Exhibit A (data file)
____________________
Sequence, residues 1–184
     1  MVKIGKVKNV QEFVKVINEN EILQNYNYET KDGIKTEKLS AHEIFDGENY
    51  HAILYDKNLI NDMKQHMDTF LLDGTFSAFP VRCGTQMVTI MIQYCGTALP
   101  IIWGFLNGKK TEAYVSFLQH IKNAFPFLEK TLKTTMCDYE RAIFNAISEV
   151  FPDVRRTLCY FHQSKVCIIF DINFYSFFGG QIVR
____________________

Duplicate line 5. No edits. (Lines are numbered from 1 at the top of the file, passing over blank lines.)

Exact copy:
   151  FPDVRRTLCY FHQSKVCIIF DINFYSFFGG QIVR